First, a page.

Do less, not more. Our nervous systems are more sensitive than we realize, and they need lots of love right now. Our brains are overwhelmed, and we need to give ourselves space to literally clear neural pathways. What’s the least you can do right now to get by? What tasks can wait or be removed from your list of to-dos? Sleep as much as you need (though if you struggle with depression, don’t stay in bed more than you need to avoid the onset of an episode).
Create some structure amidst the chaos. Our brains need at least a small amount of order to feel safe. Try making a daily schedule for yourself that’s not overtaxing but helps you stay focused on the things you really need to do.
Model healthy crisis response. Children learn how to handle crises by watching how the adults around them do so. If you manage this time by moving from a place of love over fear, you will be teaching another generation how to better care for themselves and the world.
If you’re healthy, offer assistance to vulnerable folks, including the elderly and immunocompromised. Create local community networks where resources and tasks can be shared (like getting groceries for your vulnerable neighbors). We must engage in physical distancing, but that doesn’t mean we can’t help each other out responsibly.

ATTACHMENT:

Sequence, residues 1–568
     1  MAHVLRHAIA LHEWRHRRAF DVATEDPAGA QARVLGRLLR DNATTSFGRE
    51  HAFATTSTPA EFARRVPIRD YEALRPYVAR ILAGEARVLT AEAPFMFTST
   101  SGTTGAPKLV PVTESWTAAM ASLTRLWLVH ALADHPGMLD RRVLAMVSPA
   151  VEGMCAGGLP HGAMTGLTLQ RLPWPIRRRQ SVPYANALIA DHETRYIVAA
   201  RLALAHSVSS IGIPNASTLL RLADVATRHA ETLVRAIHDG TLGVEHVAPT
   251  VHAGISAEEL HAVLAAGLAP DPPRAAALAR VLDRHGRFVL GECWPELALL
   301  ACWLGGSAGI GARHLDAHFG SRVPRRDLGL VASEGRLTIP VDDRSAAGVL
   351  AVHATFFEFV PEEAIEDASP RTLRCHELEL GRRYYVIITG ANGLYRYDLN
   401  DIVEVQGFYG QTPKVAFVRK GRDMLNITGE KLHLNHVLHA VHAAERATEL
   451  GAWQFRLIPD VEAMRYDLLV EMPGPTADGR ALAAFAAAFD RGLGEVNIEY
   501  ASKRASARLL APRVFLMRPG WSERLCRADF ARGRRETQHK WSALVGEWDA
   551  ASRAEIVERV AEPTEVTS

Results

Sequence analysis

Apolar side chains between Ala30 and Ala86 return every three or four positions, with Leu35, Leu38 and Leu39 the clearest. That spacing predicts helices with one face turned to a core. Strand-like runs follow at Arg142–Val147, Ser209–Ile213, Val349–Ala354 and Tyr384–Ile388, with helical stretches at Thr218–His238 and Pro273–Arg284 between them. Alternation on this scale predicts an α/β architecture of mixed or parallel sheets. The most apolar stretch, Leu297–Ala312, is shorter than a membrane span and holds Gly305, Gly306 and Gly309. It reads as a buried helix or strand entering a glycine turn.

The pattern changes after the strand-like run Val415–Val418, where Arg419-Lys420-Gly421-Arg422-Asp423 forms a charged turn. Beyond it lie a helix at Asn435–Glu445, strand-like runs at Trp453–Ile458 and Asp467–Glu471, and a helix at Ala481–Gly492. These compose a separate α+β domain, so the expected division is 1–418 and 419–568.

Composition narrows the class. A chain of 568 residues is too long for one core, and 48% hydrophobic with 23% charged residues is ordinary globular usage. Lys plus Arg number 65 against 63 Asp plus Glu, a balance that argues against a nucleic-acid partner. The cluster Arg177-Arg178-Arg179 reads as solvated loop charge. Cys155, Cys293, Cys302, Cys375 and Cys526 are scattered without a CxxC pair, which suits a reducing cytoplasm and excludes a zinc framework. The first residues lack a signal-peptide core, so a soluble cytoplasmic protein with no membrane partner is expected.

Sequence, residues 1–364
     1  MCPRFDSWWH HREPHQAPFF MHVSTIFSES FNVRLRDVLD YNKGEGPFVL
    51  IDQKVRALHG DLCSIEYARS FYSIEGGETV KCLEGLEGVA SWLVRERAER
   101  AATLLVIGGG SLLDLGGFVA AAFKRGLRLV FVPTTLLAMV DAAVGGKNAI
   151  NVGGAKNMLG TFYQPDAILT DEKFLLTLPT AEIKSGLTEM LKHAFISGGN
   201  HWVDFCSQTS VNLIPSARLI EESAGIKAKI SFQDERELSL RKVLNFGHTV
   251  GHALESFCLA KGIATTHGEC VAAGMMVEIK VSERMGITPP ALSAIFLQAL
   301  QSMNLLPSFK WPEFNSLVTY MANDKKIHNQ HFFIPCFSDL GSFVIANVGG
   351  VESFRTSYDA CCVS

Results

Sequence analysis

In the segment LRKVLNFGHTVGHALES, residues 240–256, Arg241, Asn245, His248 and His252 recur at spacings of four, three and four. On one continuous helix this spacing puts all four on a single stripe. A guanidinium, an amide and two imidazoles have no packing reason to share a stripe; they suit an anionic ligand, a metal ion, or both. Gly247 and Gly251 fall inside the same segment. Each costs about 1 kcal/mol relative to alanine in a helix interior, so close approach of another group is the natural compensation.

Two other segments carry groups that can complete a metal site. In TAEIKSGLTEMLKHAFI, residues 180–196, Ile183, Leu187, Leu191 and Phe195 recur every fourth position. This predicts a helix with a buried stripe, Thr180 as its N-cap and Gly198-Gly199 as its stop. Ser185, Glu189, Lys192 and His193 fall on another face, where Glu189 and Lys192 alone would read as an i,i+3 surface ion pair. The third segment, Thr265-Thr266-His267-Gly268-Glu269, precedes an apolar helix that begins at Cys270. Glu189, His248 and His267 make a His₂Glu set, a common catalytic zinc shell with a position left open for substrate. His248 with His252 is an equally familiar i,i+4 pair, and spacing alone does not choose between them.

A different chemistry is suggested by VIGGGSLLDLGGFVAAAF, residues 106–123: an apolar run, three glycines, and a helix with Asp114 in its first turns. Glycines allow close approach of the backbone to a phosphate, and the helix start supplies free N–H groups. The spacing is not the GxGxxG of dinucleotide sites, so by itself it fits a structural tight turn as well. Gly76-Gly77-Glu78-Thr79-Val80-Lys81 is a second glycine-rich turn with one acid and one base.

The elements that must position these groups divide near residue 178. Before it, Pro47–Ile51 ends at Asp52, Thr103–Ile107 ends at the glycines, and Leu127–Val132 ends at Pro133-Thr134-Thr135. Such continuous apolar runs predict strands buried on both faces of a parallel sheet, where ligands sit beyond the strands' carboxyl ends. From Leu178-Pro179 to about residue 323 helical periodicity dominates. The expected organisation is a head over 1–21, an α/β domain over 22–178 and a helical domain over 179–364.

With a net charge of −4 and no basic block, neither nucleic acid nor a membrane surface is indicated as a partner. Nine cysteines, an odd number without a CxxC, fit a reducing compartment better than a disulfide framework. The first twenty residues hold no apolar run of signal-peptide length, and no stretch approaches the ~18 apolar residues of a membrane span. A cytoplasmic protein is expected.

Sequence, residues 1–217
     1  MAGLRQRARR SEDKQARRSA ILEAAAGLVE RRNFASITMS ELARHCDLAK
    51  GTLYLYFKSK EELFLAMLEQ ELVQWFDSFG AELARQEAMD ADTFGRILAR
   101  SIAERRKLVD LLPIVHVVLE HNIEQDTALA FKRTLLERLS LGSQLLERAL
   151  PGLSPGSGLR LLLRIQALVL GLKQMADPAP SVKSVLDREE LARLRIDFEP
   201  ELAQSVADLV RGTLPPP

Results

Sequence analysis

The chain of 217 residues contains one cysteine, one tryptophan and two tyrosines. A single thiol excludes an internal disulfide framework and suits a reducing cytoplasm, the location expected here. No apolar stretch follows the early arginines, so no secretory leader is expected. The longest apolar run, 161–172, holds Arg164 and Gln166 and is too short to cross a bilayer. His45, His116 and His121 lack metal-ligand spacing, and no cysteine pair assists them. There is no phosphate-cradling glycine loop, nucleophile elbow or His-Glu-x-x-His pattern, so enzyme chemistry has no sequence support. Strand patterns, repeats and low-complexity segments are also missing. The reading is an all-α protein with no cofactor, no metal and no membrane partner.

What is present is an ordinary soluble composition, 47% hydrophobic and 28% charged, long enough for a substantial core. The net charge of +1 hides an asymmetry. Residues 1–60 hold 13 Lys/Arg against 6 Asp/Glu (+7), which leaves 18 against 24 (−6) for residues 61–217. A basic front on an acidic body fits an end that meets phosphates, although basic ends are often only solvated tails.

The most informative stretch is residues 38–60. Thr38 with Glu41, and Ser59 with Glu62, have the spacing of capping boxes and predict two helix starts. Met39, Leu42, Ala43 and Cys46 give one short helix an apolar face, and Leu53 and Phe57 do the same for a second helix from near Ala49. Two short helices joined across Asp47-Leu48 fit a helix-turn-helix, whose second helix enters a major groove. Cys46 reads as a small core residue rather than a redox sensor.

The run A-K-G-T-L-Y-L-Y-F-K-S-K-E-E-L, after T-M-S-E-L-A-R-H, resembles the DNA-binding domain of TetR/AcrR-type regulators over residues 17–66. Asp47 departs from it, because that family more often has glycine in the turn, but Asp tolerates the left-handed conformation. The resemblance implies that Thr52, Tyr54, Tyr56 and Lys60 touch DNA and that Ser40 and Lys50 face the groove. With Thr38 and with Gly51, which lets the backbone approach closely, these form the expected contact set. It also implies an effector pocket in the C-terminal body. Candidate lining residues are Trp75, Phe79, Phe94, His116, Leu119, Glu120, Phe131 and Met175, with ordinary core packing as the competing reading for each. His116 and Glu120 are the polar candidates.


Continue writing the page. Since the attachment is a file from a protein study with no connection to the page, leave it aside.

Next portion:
Let this moment radicalize you. To be radical means to address something “at its root.” This crisis wouldn’t be so drastic if we had universal healthcare, paid sick leave, and many other social systems that valued people’s lives over monetary profit. This situation is a political crisis as much as it is a health crisis, and we must address the root causes (namely, social policies) that created it. Donate to a political campaign that is pushing for radical social reform, even if it’s $5/month. Call your representatives demanding that evictions be banned for the duration of the pandemic, that utility companies not be allowed to shut off power/water/gas, and to prioritize the most vulnerable. If your local politicians are enacting progressive crisis response strategies, demand that those stay in place after the pandemic has passed. Organize. Vote accordingly.
Cultivate joy and allow yourself to feel pleasure. Yes, there’s a crisis happening, but it won’t get any better by being depressed or angry or anxious all the time. The idea that we aren’t allowed to experience happiness while others are suffering is codependent nonsense. Make love, sing in the shower, watch your favorite movie, eat your favorite comfort food, do at least one thing a day that can boost your mood and remind you that there is beauty worth living for in this world. Moving from a place of joy will sustain you for the growing revolution.
We are witnessing an apocalypse, but that doesn’t mean everything is over. It means a new promise is revealing itself. We are on the precipice of a revolution of love that is teaching us how to live interconnectedly. It’s on us to accept its invitation to change our world into a better version of itself.
This piece was originally posted on the Awaken Everyday Blog of Copper Beech Institute in celebration of Pride Month 2019.
I identify as queer. I am also a mindfulness practitioner. While these two things may seem unrelated to one another, they are inherently connected for me. Without mindfulness, I likely wouldn’t have been able to awaken to my queerness; without queerness, my mindfulness practice would not be as rich as it is.